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Lecture was held at Hiroshima Notre Dame Seishin Senior High School

A special lecture was held at Hiroshima Notre Dame Seishin Senior High School. The purpose of the lecture is to have the students understood Hiroshima’s contribution to the world in the field of medical care of radiation-exposed people, hoping them to be ambitious to become a professional who will contribute to the world in the future.


DateJune 10, 2021

Hiroshima Notre Dame Seishin Senior High School 


Professor Satoshi Tashiro

(Director, Hiroshima University Research Institute for Radiation Biology and Medicine(RIRBM))

(Director of HICARE)


The Effects of A-Bomb Radiation on the Human Health

-Research at Hiroshima and Dedication to the Medical Care of Radiation Exposed People over the World-

Participants95 students ( 36 from 1st grade and 59 from 2nd grade)


 In the lecture, Prof. Tashiro,Director of RIRBM, introduced the institution which marks 60th anniversary this year and is featured by a variety of medical professionals working on a broad range of researches and clinical studies such as radiation genetics, epidemiology, developing unique microscopes and treatment for cancer and leukemia.


He also introduced a comprehensive study project which focused on people atomic-bombed around the hypocenter. In addition, he gave the information about the support activities of Hiroshima University in response to the accident at the Fukushima Daiichi nuclear power plant.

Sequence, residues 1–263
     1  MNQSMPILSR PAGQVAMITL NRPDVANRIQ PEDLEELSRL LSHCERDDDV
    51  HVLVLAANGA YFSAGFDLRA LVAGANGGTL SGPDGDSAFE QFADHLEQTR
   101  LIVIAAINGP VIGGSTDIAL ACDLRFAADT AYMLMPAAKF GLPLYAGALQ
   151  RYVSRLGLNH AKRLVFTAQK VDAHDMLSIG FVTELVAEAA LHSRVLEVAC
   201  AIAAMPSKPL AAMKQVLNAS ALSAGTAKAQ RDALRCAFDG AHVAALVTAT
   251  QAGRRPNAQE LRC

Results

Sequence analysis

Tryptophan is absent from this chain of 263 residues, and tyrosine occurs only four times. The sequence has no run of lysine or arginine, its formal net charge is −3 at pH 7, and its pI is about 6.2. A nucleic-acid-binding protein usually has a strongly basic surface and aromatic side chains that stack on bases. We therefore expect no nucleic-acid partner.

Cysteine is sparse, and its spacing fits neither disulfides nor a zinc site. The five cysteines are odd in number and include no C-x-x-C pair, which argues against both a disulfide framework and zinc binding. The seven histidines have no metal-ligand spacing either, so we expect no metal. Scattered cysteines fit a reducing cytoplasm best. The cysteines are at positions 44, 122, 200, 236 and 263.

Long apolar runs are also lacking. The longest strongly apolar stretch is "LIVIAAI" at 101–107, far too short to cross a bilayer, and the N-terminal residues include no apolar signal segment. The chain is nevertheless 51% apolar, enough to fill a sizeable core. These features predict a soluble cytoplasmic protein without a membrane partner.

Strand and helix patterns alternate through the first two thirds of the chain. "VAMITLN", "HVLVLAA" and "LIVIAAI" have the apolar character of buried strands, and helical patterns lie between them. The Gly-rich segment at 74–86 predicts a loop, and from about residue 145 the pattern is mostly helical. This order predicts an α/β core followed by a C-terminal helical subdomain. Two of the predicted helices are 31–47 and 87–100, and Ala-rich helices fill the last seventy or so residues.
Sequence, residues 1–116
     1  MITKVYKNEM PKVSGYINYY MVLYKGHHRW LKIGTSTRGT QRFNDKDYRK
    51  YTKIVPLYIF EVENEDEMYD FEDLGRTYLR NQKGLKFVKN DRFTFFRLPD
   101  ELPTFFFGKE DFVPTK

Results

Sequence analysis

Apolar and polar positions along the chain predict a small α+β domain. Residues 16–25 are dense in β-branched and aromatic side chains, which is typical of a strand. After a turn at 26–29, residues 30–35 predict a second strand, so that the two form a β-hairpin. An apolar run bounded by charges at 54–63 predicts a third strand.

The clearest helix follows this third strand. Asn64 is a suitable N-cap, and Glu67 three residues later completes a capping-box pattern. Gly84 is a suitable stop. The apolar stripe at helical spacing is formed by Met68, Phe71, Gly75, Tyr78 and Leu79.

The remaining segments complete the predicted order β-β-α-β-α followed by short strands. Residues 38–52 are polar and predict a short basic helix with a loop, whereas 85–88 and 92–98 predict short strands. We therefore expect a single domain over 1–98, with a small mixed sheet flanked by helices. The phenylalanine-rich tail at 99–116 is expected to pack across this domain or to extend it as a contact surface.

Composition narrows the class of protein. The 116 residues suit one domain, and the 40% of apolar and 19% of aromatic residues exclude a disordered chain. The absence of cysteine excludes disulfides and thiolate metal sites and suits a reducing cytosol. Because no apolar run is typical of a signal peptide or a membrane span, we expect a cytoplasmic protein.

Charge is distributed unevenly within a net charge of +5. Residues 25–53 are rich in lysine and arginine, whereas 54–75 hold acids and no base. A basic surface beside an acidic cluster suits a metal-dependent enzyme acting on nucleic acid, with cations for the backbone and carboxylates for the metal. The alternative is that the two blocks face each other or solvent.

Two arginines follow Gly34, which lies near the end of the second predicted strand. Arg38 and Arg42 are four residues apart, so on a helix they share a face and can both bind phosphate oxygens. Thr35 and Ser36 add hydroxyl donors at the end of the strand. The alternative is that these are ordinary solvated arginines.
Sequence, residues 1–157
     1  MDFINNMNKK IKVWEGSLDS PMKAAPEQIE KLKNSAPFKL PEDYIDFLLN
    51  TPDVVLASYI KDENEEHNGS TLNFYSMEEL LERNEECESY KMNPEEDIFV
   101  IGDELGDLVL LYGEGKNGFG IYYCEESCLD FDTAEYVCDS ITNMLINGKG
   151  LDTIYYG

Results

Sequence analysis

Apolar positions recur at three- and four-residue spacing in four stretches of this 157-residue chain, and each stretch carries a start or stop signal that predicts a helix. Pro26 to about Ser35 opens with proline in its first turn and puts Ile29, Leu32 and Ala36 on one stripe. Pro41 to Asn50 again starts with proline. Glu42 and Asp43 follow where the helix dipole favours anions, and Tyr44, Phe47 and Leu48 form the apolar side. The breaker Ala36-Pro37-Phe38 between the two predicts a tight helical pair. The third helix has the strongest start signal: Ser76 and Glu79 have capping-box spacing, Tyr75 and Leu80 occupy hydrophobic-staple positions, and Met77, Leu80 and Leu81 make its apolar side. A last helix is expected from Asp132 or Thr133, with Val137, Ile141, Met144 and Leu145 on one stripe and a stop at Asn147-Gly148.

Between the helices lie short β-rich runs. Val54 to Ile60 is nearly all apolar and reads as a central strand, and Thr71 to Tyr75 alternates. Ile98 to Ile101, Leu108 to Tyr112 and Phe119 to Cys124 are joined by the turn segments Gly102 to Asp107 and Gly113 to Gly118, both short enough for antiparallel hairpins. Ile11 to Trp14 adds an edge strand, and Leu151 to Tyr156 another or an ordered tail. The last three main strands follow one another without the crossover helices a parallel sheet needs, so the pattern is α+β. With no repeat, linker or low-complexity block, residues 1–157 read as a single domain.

Then Prof. Tashiro talked about his personal story in his school days that he decided to become a researcher after attending a lecture given by Prof. Nanao Kamada (currently an emeritus professor professor of Hiroshima University)  who would become his mentor later on. He also explained about his current research on low dose radiation effects on chromosomal which has been a frequent issue concerning CT scan and on the sensibility gap among people. “Testing with radiation has risks, but also has great medical benefits. We are working on these researches so that people will be able to receive the tests safely”, he highlighted the significance of their research.


There are also explanations on coordinate research for International Atomic Energy Agency (IAEA) in which researchers from over the world worked together for a week  with all day long discussion, exchanging each other over dinners. Showing some photos of Wiener Schnitzel, a local food in Vienna, landscape with the Danube and so on, he encouraged students; “Researching is fun and worthwhile doing. It is important that people born and raised in Hiroshima will be engaged in medical care for the radiation-exposed worldwide or radiation medicine. So why not find your way in the research world?”


● Feedback

“I become interested to hear that Hiroshima University works with IAEA which I have learned about in my class”

“I came to know now there are careers as a researcher to work with the rest of the world”

“I am interested in the fact that radiation has both risks and benefits”